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Re: Issue "Eliminate forced consing" re-visited
- To: firstname.lastname@example.org, pierson <@multimax.arpa:pierson@mist>
- Subject: Re: Issue "Eliminate forced consing" re-visited
- From: Jeff Dalton <jeff%aiai.edinburgh.ac.uk@NSS.Cs.Ucl.AC.UK>
- Date: Tue, 23 Aug 88 18:59:01 BST
- Cc: email@example.com
> Date: Tue, 23 Aug 88 11:20:52 EDT
> From: "Dan L. Pierson" <firstname.lastname@example.org>
> However, the form of the proposal needs some more work.
> - The proposal text should be rewritten as if it were the new parts
> of the manual/standards document. I'd certainly understand some
> abbreviation to keep from having to rewrite the whole sequence
> chapter and a large part of the list chapter.
Really? Do we supposedly even know what the format is yet?
> All-in-all, this has moved from what I remember as more a philosophical
> statement than a cleanup proposal to something that I think we can,
> and should, pass unless we are prepared to "depreciate" the sequence
> functions entirely.
I think that is going a bit far. Surely the sequence functions are
not nearly useless without this change. (Recall, for example, that
some of them just search.)
I would be interested in an informed opinion on how much of the
excess allocation can be eliminated by soemthing like OSS and how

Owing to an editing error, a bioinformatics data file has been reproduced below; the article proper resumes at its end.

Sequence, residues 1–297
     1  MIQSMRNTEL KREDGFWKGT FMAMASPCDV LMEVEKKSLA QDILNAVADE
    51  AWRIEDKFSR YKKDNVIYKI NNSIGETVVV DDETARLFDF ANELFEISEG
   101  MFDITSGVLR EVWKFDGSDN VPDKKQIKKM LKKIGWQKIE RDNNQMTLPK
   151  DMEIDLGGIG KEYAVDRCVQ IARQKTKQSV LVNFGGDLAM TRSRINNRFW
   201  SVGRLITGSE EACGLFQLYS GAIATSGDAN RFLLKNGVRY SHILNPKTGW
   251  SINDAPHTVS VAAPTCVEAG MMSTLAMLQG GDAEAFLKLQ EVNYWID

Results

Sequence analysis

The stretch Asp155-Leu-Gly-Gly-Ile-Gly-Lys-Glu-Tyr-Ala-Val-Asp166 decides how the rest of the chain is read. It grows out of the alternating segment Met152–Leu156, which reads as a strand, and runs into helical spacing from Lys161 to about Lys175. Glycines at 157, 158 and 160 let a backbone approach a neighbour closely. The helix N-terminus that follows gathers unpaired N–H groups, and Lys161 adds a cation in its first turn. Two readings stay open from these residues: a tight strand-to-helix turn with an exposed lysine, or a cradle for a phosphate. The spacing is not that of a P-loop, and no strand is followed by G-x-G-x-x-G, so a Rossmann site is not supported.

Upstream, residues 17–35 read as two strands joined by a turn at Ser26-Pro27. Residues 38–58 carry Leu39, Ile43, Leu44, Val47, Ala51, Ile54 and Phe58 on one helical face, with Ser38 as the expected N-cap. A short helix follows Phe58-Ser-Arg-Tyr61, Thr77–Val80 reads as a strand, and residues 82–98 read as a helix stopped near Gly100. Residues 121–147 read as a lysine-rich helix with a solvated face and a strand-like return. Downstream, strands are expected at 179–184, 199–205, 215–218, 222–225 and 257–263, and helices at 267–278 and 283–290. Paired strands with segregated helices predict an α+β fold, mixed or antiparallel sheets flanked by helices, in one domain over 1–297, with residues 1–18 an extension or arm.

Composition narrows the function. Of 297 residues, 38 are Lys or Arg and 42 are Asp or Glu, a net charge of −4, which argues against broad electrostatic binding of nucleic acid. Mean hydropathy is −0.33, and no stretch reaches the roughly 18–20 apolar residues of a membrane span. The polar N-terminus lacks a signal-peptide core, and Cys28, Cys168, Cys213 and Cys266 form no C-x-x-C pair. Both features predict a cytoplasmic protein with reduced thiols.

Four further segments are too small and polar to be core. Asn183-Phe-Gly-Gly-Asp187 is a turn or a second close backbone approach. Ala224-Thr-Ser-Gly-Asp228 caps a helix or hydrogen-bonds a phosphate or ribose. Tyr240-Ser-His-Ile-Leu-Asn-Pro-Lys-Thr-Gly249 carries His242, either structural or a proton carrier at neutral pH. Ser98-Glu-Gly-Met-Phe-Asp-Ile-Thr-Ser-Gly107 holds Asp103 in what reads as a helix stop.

much still requires destructive operations. I also wonder whether
OSS-like optimizations could be added to ordinary CL compilers for
some class of operations involving the normal sequence functions.
> The main objection to this proposal seems to be Scott's belief that
> LOOP can and will replace the sequence functions for most purposes.
I do not thing LOOP will really do this. Think of concatenation.
It's much easier to call CONCATENATE than to write the loop, so
one would probably end up writing a destructive procedure with
LOOP inside it rather than using LOOP directly.
BTW, one useful weapon in the war against C would be the ability to
read n characters into a buffer (string?, array?, I don't care).
It's a pain to scan a file allocating a string for every READ-LINE.
Destructive READ-LINE might do, I suppose. It also would be useful
(as was suggested in the proposal) to be able to refer to a
subsequence without actually extracting it. DESIGNATE-SUBSEQ
can probably be written in CL (sort of like locatives are written
in T), but not efficiently (and you couldn't have the normal
sequence functions work on them (except maybe via CLOS)).